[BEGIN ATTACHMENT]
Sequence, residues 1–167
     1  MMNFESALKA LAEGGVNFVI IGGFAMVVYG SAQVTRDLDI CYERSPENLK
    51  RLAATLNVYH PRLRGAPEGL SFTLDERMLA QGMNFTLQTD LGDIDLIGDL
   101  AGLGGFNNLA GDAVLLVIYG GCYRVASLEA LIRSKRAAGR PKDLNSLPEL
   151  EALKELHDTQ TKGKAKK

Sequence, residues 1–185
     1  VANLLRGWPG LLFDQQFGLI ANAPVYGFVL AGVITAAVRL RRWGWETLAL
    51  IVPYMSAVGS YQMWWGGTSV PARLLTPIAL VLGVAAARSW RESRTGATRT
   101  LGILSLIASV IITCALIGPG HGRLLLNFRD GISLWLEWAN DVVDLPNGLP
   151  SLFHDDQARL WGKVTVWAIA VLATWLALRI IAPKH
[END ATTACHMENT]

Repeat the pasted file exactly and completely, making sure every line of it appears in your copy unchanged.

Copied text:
Sequence, residues 1–167
     1  MMNFESALKA LAEGGVNFVI IGGFAMVVYG SAQVTRDLDI CYERSPENLK
    51  RLAATLNVYH PRLRGAPEGL SFTLDERMLA QGMNFTLQTD LGDIDLIGDL
   101  AGLGGFNNLA GDAVLLVIYG GCYRVASLEA LIRSKRAAGR PKDLNSLPEL
   151  EALKELHDTQ TKGKAKK

Sequence, residues 1–185
     1  VANLLRGWPG LLFDQQFGLI ANAPVYGFVL AGVITAAVRL RRWGWETLAL
    51  IVPYMSAVGS YQMWWGGTSV PARLLTPIAL VLGVAAARSW RESRTGATRT
   101  LGILSLIASV IITCALIGPG HGRLLLNFRD GISLWLEWAN DVVDLPNGLP
   151  SLFHDDQARL WGKVTVWAIA VLATWLALRI IAPKH